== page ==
Sales Development Rep
SDRs (also known as business development representatives or BDRs) are in charge of the initial stage of the sales process: prospecting, qualifying, and investigating prospects.
Identifying and reaching out to possible good matches, responding to requests for additional information, following up with prospects who downloaded content, prospecting on LinkedIn and other social networks, and more may be required, depending on the company.
After six to 18 months in a sales development job, the great majority of candidates are ready to be promoted. As an AE, they’ll be in charge of performing demos or giving presentations, as well as detecting, uncovering, and resolving possible buying roadblocks, building tailored value propositions, obtaining purchase commitments, and negotiating the final terms.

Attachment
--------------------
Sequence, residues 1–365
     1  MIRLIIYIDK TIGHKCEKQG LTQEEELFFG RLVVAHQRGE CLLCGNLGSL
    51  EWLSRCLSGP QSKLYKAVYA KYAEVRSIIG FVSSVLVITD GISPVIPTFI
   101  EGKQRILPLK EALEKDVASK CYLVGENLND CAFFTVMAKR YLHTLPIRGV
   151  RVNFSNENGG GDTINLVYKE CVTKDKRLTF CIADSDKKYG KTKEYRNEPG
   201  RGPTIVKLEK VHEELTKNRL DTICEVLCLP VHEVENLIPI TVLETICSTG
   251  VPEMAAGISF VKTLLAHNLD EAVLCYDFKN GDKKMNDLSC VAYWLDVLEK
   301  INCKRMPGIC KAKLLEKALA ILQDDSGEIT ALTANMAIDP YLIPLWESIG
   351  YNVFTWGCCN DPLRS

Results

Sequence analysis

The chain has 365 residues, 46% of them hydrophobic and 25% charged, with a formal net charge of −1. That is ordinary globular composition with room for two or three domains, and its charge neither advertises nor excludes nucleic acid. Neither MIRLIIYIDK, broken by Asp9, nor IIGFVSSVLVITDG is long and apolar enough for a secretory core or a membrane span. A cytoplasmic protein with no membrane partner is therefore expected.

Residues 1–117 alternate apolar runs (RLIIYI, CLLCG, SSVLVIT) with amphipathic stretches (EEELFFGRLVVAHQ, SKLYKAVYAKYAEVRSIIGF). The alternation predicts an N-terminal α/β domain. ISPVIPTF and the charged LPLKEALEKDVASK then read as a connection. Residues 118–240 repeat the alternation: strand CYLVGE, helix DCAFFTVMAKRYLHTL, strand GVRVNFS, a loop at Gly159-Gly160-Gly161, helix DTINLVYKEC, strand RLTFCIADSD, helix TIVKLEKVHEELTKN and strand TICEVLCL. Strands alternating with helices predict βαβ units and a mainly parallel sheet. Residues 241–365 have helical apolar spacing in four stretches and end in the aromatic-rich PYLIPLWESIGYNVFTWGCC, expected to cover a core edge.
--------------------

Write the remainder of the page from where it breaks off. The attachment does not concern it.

The majority of an outside salesperson’s time is spent “in the field,” or contacting potential clients at their places of business. A field sales job might be alienating because you’re mostly working alone or with a small group of people. You will, however, most likely have a flexible schedule.
Once the first purchase is completed, account managers enter the picture. An account manager’s portfolio is largely steady, unlike that of a salesperson, whose accounts are continually changing.
Regional Sales Manager
Sales managers and regional sales managers are in charge of teams of SDRs, representatives, and account managers. You’ll manage sales territory and create individual quotas and team goals, as well as evaluate data, conduct sales trainings and call evaluations.